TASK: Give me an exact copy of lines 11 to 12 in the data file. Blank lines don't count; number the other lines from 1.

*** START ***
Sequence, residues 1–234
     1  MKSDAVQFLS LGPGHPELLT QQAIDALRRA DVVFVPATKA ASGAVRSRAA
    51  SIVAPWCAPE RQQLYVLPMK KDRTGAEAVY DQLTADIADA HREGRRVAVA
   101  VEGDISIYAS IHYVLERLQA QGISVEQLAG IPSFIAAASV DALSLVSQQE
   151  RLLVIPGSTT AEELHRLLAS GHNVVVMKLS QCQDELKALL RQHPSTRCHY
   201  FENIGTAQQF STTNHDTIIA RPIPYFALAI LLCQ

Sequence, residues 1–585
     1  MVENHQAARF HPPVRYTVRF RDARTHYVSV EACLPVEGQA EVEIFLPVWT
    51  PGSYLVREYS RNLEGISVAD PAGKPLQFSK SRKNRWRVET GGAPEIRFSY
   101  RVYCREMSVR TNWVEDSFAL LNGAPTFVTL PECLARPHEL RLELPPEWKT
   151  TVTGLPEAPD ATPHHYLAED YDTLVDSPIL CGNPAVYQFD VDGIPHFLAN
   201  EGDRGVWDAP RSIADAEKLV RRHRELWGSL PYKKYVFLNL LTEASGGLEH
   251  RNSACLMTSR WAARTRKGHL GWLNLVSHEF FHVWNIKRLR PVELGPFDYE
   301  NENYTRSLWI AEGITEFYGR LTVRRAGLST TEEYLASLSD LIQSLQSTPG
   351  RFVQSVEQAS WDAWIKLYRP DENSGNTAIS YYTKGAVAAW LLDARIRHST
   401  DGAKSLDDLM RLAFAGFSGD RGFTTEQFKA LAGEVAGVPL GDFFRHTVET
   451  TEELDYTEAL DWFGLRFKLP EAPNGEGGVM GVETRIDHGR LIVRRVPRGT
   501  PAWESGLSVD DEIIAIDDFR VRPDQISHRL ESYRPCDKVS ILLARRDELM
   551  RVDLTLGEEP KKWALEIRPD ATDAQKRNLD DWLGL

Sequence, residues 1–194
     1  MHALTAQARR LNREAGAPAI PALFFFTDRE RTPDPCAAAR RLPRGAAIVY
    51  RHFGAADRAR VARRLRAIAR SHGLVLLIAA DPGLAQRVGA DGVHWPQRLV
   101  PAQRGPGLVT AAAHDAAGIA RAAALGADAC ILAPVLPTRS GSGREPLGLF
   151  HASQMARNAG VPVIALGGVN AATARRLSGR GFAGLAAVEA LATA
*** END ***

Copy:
   151  TVTGLPEAPD ATPHHYLAED YDTLVDSPIL CGNPAVYQFD VDGIPHFLAN
   201  EGDRGVWDAP RSIADAEKLV RRHRELWGSL PYKKYVFLNL LTEASGGLEH